Ubuntu Carrier Advisory Group Updates

A few weeks ago we announced the Ubuntu Carrier Advisory Group (CAG). The CAG is designed to provide a place where carriers can help influence the development and requirements of Ubuntu for smartphones.

The founding members of the CAG were Deutsche Telekom, Everything Everywhere, Korea Telecom, Telecom Italia, LG UPlus, Portugal Telecom, SK Telecom and the leading Spanish international carrier.

I just wanted to follow up with a few CAG-related updates.

New Carriers

Firstly, we are pleased to announce two new carriers that have joined the CAG.

Last week we announced PT Smartfren Telecom, the largest mobile internet provider in Indonesia, an important market for the Ubuntu smartphone.

Richard Tan, Deputy CEO at Smartfren, commented:

“Ubuntu is an important option for Indonesia because it offers an attractive, flexible and differentiating solution for smartphones”.

Today we followed up with another carrier in the form of China Unicom; one of the world’s largest mobile operators, with nearly 300 million mobile subscribers.

Li Xingxin at China Unicom’s terminal research and support center commented:

“Ubuntu can be an exciting new platform for the Chinese market, offering a brand new user experience that balances user simplicity with operator requirements”.

We are delighted to welcome both PT Smartfren Telecom and China Unicom to the CAG! We also have some other carriers to announce, including a large US carrier; more details on that soon.

Differentiation and Scopes

When it comes to mobile devices, there’s a thin line between differentiation and fragmentation. Differentiation is enabling phone manufacturers and carriers to put their own stamp not just on the outside of the phone but also on the inside. To stand out against the competition in today’s market, manufacturers and carriers must go beyond the phone hardware itself and provide value-added services such as music and video content to the user.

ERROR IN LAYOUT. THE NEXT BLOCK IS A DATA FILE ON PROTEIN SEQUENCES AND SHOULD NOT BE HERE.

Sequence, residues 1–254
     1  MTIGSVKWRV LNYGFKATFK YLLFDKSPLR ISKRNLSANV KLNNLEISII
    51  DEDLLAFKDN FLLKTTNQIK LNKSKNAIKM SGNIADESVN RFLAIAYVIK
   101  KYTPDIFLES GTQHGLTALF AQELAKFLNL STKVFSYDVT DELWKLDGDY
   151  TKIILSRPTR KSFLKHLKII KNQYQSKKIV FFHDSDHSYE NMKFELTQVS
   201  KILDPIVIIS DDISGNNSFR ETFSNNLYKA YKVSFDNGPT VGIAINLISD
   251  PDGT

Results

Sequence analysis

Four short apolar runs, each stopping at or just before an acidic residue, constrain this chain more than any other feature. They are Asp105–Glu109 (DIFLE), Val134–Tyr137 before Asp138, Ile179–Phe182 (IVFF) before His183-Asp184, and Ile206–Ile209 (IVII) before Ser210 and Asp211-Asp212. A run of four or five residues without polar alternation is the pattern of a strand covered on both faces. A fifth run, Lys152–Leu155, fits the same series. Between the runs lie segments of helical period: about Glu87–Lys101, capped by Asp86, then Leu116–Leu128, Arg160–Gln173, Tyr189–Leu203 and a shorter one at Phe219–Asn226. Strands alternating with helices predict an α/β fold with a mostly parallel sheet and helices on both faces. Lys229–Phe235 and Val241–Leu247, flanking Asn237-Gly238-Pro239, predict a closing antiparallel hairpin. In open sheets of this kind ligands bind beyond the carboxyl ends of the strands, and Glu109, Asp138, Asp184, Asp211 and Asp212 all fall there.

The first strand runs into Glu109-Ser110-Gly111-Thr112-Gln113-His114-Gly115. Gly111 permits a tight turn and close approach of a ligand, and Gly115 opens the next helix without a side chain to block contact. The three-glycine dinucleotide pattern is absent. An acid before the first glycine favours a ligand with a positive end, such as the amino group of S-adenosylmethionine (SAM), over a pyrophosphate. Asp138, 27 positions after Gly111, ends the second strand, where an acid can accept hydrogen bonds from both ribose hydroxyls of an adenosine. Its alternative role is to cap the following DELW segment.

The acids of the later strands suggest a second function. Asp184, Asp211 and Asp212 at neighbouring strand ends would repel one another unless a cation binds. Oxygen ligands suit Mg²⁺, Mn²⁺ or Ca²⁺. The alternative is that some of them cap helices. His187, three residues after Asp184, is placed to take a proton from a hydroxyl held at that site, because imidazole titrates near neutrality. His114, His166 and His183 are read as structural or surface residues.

Victor Palau, VP, Phone & Hyperscale Delivery at Canonical wrote an excellent piece on this topic called Differentiation Without Fragmentation and talks about the areas in which Ubuntu Phone can be given a unique brand and identity via theming, default applications and content, pre-defined launcher applications, and connecting backend content to default Ubuntu front-end applications.

A core method of differentiating is at the content level with music, video, applications, services, and other material. This is where our powerful scopes technology comes in, providing a way of delivering content to users, front and center, with a consistent experience…all while avoiding fragmentation.

For those of you who are interested in writing a scope to expose content and services to Ubuntu devices, see an overview of the technology, our tutorial for writing a scope, our growing cookbook with common scopes-related questions.

  • NickS

    Hello Jono, I am slightly interrogative at the role the Ubuntu CAG is going to play in Ubuntu. Carriers do not have a particularly good track with users – they are those enforcing adware/crapware/antifeatures on Android Phones, and rarely providing upgrades.

    With platform convergence, I’m concerned I might get the same things that make me regret my Android phone (aka Operator requirements), on my PC – with Ubuntu.

    Carriers will also be in a pristine position to push specific drivers to Ubuntu, and with the latest debates there is reason to be weary of potential closed-source drivers (coming from chinese carriers…)

    To cut the story short: although I like the convergence idea, I’m concerned Ubuntu might be bringing the bad from the mobile to the Desktop, instead of the freedom of the Desktop to the mobile.

    Do you have a few words to cheer me up? Or should I be concerned about having a laptop with the “Deutsche Telekom Music Hub” app and no way to remove it?


  • Mthwate

    While I can’t tell you Ubuntu won’t get loaded with junk I can tell you it will be possible to remove them. Similar to removing unwanted apps by having root access on an android smartphone. I would imagine you would have access to sudo by default. Thats the beauty of linux!